How Sweet It Is For Europe's Exporters

The strong dollar has sparked a boom that's firing a recovery on the Continent

Nestled in the Pyrenees mountains of southwestern France, the tiny village of Came and its 700 residents seem a world away from the U.S. But for Solange Gestas, the great big economy across the Atlantic couldn't be more important. The chief executive of a 152-year-old business that makes copies of 19th-century antique furniture, Gestas exports armchairs and tables that fetch as much as $5,000 from U.S. buyers. She started targeting the market in the mid-1980s, when the American economy was booming and a rising U.S. dollar made her products all the more appealing to American buyers. Today, exports represent nearly half of the family-owned company's $3 million in annual sales.

For more and more Continental companies, exports are the bright spot in a European economic recovery often indistinguishable from recession. As the U.S. dollar stays strong against Europe's major currencies, there's growing hope that the export boom will move into even higher gear, adding to growth. More important, some observers are beginning to see signs that exports may finally spur increased capital investment, setting the stage for a job-creating upturn that Europe desperately needs.

BEST HOPE. From fine Bordeaux wine to French perfumes, from German luxury cars and heavy machinery to Italian fashion, exporters who have positioned themselves for international competition are shaping up as the European Union's best hope of generating a lasting economic upturn. The fuel that powers them--a weakening German mark--shows no sign of running out soon. The mighty mark has fallen some 14% against the dollar in the past year and 25% since its high two years ago (chart).

Since it takes a while for currency changes to filter down, the current surge could pick up even more speed. This year, figures Union Bank of Switzerland economist Darren Williams, export growth will accelerate to 8% in Germany and 7% in France, following healthy gains last year. In Italy, exports could jump nearly 4.5%.

True, the dollar's rise is beginning to worry some of Washington's money men (box). But when finance ministers from the Group of Seven industrial countries gather in Washington on Apr. 27, they will face an uphill battle to wrestle the greenback down. The fundamentals of rising U.S.

interest rates and weak growth in Europe suggest the dollar could rise as high as 1.80 marks in coming months, from 1.69 now.

That prospect is giving Europe's exporters cause to celebrate fattened bottom lines. "We can only clap our hands at the strong dollar," says Nestle Vice-President Francois-Xavier Perroud. The reason: Earnings growth at the global foodmaker has rebounded to double digits after several years in which a strong Swiss franc depressed returns. Swiss pharmaceuticals giant Roche is applauding, too. The rising dollar helped boost first-quarter sales of $3.1 billion by 18% over the year-earlier period in Swiss franc terms.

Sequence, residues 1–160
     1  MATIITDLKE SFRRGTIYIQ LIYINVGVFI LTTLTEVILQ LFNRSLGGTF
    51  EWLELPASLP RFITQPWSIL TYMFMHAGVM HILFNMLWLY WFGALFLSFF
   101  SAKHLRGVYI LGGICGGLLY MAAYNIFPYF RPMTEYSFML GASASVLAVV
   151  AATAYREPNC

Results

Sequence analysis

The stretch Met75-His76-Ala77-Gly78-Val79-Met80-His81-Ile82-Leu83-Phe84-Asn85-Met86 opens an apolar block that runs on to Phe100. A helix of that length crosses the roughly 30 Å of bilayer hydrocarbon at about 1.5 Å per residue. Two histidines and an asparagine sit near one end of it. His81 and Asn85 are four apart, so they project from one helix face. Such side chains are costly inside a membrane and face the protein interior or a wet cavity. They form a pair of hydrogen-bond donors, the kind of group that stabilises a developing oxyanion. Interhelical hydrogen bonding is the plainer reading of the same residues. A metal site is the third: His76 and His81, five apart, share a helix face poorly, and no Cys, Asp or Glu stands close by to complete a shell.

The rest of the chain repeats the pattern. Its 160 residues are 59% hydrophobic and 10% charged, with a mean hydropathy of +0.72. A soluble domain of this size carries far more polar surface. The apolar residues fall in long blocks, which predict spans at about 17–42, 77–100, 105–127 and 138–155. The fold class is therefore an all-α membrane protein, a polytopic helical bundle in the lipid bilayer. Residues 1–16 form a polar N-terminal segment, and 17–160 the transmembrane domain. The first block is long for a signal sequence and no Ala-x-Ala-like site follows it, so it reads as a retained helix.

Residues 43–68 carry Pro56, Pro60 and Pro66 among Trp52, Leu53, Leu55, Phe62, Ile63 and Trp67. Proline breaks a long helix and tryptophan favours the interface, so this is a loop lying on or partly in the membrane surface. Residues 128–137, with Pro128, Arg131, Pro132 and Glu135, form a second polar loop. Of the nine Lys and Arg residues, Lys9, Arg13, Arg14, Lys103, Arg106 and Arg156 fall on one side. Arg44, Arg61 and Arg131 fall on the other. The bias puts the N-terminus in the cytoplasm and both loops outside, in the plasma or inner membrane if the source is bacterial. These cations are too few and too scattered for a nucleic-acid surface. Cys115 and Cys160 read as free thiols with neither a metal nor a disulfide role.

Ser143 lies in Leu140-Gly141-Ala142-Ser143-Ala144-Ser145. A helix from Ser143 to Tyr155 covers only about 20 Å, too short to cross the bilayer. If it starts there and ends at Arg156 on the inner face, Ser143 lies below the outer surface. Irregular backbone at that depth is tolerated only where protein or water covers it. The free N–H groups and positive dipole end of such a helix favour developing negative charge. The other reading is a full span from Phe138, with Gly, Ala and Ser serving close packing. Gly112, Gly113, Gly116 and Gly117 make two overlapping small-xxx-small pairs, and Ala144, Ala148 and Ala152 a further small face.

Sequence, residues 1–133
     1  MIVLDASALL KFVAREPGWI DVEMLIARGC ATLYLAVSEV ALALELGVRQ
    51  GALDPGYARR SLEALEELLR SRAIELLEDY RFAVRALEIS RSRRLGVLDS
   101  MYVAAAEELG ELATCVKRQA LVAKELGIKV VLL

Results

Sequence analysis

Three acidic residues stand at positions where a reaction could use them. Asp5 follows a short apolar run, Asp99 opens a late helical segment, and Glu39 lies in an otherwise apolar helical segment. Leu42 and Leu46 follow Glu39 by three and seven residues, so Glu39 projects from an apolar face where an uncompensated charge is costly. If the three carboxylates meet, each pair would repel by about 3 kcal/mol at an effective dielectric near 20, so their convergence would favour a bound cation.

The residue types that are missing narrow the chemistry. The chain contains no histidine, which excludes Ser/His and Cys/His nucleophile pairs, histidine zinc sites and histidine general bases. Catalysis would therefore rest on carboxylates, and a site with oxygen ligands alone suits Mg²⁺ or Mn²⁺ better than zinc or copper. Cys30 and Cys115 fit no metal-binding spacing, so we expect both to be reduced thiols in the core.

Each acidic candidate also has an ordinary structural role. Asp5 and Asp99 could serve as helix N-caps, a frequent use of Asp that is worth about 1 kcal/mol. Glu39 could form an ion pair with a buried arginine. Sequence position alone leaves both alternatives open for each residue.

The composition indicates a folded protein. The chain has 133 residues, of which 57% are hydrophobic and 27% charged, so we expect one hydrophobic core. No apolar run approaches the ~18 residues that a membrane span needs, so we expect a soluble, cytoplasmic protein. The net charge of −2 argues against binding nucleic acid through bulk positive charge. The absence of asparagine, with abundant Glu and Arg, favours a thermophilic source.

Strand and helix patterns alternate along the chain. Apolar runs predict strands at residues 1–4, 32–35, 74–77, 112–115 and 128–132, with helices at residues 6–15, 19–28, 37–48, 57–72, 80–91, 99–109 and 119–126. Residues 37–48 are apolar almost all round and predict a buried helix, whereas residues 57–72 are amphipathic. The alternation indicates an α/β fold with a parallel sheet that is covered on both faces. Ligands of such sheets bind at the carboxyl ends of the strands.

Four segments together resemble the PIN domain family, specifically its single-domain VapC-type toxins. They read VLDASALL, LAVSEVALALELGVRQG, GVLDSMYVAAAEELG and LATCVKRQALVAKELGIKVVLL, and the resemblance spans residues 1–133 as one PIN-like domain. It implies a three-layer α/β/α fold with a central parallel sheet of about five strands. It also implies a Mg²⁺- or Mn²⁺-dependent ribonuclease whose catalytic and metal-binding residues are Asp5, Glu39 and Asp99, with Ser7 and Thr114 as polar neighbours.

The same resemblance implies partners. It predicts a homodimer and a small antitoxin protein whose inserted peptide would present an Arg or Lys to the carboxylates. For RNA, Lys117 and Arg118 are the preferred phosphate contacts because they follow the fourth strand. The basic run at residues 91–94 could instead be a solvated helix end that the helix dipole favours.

Or take Daimler Benz, where years of restructuring seem to be paying off on the export side. In the first three months of this year, exports of Mercedes-Benz autos to the U.S. jumped by 26% compared with a year ago. Germany ran a trade surplus with the U.S. of $6.5 billion in 1996. And Japan bought 31% more of the German cars during the same period than in 1996.

Exports to emerging markets are soaring as well, since many of their currencies are dollar-linked. While sales in Germany declined modestly during the first quarter at Siemens, its business in Asia jumped about 30% over the year-earlier period, and U.S. sales rose nearly 20%. The biggest jumps came in exports of telecommunications gear, transportation equipment, and electronic auto components.

SECOND LEG? The Euro-export boom is also turning up beneficiaries in surprising places. Santens, one of the biggest companies in Belgium's hard-hit textile industry, got 70% of its $2 billion in sales last year from exports. In 1997, vice-president Luc Santens expects the rising dollar to help his prospects even in Europe, where his company will gain an edge over developing-world competitors who price their products in dollars.

The critical question at this point is whether the export wave will translate into increased capital investment that would give Europe's recovery a second leg. So far the evidence is encouraging. In Italy, for example, the country's $31 billion clothing industry registered an almost 8% jump in exports last year. Now, says Gildo Zegna, executive vice-president of Ermenegildo Zegna, Italy's leading menswear group, "Italian fashion groups are taking advantage of increased earnings to put their businesses in order and invest."

In France, Morgan Stanley & Co. economist Eric Chaney thinks export performance will translate into a 4% boost in capital investment during 1997 following last year's decline. And across the Continent, business surveys are finding capital goods makers far and away the most optimistic business groups for the coming months, as exports compensate them for sluggish domestic demand.

That's not to say exports can bail Europe out of its fundamental economic problems. Only governments can rev up the engines of deregulation and privatization that would provide the long-term cure for record unemployment. But for now, the export machine shows no signs of slowing down, and could make the difference between stagnation and buoyant growth next year.

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